July 24, 1997
PENNSYLVANIA STATE POLICE, PETITIONER
THE PENNSYLVANIA STATE TROOPERS ASSOCIATION (TROOPER ROBERT K. JOHNSON), RESPONDENTS
Appealed From No. 97-DD-001.
Before: Honorable Joseph T. Doyle, Judge, Honorable Dan Pellegrini, Judge, Honorable Charles P. Mirarchi, Jr., Senior Judge. Opinion BY Judge Doyle.
The opinion of the court was delivered by: Doyle
OPINION BY JUDGE DOYLE
FILED: July 24, 1997
This is an appeal from an arbitrator's award which directed the immediate reinstatement of Trooper Robert K. Johnson, without payment of lost wages or benefits, to the Pennsylvania State Police (State Police).
The following facts are not in dispute. On December 18, 1995, Johnson attempted to leave a Clover Department Store without paying for merchandise valued at $27.58. Security personnel at Clover detained Johnson, and he was subsequently arrested by the Cheltenham Township police on a charge of retail theft, a summary offense. In exchange for Johnson paying Clover $177.00, Clover did not prosecute him, and Johnson never reported his arrest to his Commanding Officer, as is required by State Police regulations.
Johnson received a letter on June 27, 1996, advising him that he was dismissed from the State Police for violations of certain State Police regulations arising from the December 18th incident. Johnson grieved his dismissal on July 5, 1996 and, on August 21, 1996, a hearing was held. The arbitrator concluded that there was just cause to believe that Johnson had committed retail theft; however, he determined that there was not just cause for Johnson's discharge by taking into account numerous other cases where a trooper had committed more serious crimes but were only disciplined and not dismissed. As such, on October 14, 1996, the arbitrator issued the award of immediate reinstatement without payment of lost wages or benefits.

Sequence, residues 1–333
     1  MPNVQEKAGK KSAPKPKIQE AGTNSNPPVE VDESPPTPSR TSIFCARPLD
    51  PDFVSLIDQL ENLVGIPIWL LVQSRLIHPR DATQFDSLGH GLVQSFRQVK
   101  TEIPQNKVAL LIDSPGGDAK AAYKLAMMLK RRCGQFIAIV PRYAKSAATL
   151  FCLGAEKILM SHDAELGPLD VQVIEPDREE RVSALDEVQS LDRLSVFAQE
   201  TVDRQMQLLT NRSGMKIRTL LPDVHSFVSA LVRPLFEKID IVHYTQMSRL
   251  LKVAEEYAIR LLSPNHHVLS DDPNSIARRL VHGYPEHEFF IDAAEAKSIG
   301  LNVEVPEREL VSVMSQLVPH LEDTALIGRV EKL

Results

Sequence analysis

On appeal, the State Police argue that we should extend the "manifestly unreasonable" doctrine utilized in the Uniform Arbitration Act *fn1 to grievance arbitration awards involving police or fire personnel. *fn2 Applying the "manifestly unreasonable" doctrine to this case, the State Police contend, would leave us no choice but to reverse the arbitrator's award. *fn3
In light of the Pennsylvania Supreme Court's decision in Pennsylvania State Police v. Pennsylvania State Troopers' Association (Betancourt), 540 Pa. 66, 656 A.2d 83 (1995), we must reject the argument to extend the "manifestly unreasonable" doctrine to Act 111 *fn4 cases. In Betancourt, the Supreme Court reversed two decisions of this Court which, in applying the "essence" test, reversed the arbitrators' awards that reinstated police troopers to the Pennsylvania State Police. This Court had noted that "subsumed within the essence test standard of review is the requirement that the arbitrator's interpretation of the agreement cannot be manifestly unreasonable." Pennsylvania State Police v. The Fraternal Order of Police (DiRaimo), 159 Pa. Commw. 628, 634 A.2d 270 (Pa. Commw. 1993) (emphasis added), reversed on other grounds, Pennsylvania State Police v. Pennsylvania State Troopers' Association (Betancourt), 540 Pa. 66, 656 A.2d 83 (1995).
Rather, the Supreme Court held that narrow certiorari is the correct scope of review of grievance arbitration awards issued under the authority of Act 111. As such, courts are limited to reviewing questions concerning: (1) the jurisdiction of the arbitrators; (2) the regularity of the proceedings; (3) an excess of the arbitrator's powers; and (4) deprivation of constitutional rights. *fn5 Betancourt at 79, 656 A.2d at 90.
The Supreme Court went on to state in Betancourt that an arbitrator "may not mandate that an illegal act be carried out; he or she may only require a public employer to do that which the employer could do voluntarily." Id.
In the instant matter, the reinstatement of Johnson was an act that was not in contravention of a statute, and the parties do not dispute that the collective bargaining agreement provides that the arbitrator can modify the discipline imposed by the State Police. Therefore, in applying the narrow certiorari scope of review, we conclude that the arbitrator's award is unassailable.
Accordingly, we affirm the arbitrator's award.
JOSEPH T. DOYLE, Judge
NOW, July 24, 1997, the order of the arbitrator in the above-captioned matter is hereby affirmed.
JOSEPH T. DOYLE, Judge